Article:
PORT-AU-PRINCE, Haiti – Sarah Palin urged Americans on Sunday not to forget Haiti as she wrapped up a weekend visit to an aid group's sites in this country vexed by a cholera epidemic, earthquake reconstruction and political crisis.
Accompanied by her husband, Todd; daughter Bristol, a Fox News crew and the Rev. Franklin Graham, who runs the aid group that hosted her, the former Alaska governor and vice presidential candidate arrived in Haiti during a respite from the riots and violence that have followed the Caribbean nation's dysfunctional Nov. 28 election.
"I do urge Americans not to forget Haiti," she said at a Sunday afternoon news conference.
Noting that severe problems afflicted Haiti even before last January's devastating quake, she said her fellow citizens should "get out of your comfort zone and volunteer to help."
Palin visited Samaritan's Purse projects including cholera clinics where people are being treated for extreme dehydration. More than 2,000 people have died of the disease, which scientists believe was recently reintroduced into Haiti, and nearly 100,000 have fallen ill.
Palin's trip was largely closed to the press and she declined to take questions at the news conference.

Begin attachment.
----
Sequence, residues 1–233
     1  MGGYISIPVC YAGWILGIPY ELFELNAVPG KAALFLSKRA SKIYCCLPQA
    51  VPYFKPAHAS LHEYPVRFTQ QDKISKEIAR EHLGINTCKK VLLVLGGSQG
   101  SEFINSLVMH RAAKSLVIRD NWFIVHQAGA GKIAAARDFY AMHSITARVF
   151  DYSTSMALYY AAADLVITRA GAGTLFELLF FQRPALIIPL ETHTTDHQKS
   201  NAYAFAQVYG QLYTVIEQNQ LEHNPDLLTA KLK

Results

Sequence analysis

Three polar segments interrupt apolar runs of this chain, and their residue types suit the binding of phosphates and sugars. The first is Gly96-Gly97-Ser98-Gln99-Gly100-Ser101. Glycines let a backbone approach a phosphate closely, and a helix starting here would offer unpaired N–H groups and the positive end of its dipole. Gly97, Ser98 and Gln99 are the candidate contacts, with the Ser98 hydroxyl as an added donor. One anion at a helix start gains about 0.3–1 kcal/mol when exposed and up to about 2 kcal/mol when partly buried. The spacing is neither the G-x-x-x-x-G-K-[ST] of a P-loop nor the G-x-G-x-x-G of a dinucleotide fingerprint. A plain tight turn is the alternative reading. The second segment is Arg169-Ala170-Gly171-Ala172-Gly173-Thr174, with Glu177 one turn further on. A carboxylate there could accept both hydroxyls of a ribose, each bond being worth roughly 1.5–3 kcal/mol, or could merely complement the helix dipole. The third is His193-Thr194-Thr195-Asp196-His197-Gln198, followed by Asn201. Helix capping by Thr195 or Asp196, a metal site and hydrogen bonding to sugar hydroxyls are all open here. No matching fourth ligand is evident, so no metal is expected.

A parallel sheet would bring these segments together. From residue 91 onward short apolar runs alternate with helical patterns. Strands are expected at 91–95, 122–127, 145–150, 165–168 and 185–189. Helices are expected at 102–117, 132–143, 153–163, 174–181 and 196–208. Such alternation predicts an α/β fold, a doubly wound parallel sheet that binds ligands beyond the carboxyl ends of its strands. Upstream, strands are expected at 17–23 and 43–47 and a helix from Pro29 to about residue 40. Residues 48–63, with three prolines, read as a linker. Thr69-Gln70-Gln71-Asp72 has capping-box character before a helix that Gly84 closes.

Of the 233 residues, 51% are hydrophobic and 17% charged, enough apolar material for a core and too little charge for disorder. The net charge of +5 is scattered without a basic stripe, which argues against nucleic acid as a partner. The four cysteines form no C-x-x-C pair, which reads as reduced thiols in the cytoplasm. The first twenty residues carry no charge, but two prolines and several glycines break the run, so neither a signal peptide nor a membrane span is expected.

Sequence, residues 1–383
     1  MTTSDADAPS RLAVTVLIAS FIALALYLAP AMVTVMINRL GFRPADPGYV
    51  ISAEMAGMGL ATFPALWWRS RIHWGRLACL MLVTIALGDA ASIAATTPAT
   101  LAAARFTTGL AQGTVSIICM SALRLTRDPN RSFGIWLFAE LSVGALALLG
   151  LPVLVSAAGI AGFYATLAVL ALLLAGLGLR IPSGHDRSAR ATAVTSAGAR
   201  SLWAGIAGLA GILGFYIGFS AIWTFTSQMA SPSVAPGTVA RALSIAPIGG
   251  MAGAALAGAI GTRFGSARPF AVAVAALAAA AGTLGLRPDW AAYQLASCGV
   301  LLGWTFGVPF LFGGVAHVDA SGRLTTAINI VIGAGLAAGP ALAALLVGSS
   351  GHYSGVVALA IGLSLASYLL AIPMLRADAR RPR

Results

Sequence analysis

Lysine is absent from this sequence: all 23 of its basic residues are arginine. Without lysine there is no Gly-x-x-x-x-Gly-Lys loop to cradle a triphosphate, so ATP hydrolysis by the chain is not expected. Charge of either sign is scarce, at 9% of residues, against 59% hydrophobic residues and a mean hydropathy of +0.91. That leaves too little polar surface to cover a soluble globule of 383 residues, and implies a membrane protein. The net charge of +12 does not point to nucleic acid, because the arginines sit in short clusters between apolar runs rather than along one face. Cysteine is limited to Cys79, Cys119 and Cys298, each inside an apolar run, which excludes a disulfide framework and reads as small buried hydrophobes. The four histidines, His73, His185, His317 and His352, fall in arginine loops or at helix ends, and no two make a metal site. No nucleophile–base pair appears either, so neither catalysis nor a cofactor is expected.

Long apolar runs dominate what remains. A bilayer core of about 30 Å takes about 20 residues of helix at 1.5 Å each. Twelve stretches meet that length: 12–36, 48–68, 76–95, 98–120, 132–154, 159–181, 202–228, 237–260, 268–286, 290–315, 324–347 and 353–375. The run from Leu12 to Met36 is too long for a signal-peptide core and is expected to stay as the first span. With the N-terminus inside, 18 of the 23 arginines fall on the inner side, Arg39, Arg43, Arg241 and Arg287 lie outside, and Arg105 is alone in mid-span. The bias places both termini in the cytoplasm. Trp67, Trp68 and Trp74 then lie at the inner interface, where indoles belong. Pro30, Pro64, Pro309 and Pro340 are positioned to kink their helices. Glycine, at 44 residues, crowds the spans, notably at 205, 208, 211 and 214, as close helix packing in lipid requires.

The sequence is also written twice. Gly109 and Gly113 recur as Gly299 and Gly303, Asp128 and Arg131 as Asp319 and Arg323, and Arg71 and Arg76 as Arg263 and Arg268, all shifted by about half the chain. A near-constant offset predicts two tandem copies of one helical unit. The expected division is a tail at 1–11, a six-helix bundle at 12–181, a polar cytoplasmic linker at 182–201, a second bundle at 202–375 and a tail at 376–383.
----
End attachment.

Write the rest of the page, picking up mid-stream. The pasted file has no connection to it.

She traveled in part by helicopter, and the aid group declined to share her itinerary, citing security concerns. The U.S. State Department reissued last week its travel warning for Americans considering visits to Haiti.
At the news conference, Palin created some confusion when she referred to a potential drawdown of U.S. assistance to Haiti.
"I know that there's been some discussion of U.S. aid perhaps being lifted from this area," she said. "Again — not to get political — but if some of the politicians would come here and see the conditions, perhaps they would see a need for, say, a military airlift to come bring supplies that are so needed here."
It was not clear what she was referring to, and a Palin spokeswoman declined to elaborate.
U.S. Sen. Patrick Leahy, who is chairman of a Senate subcommittee that oversees appropriations for Haiti, recently called for the suspension of direct budget support to the Haitian government until a solution is found to an electoral crisis that has sparked riots in recent days. But his spokesman said Sunday that he was not referring to humanitarian aid or reconstruction money.
Palin spoke about seeing firsthand the challenging economic, political and environmental conditions in which Haitians live and advocated "fundamental changes," including the need for job creation in agriculture and tourism sectors.
"Certainly I have a better understanding of the problems facing the country now, being here," Palin said.
Exclusive access durign the trip was given to Fox News, whose Greta van Susteren traveled with the group to Haiti. A video was also posted online by the aid group showing Palin holding hands with Haitian children, visiting cholera patients and handing out Christmas presents.
AP Television News journalist David Barraza contributed to this story.
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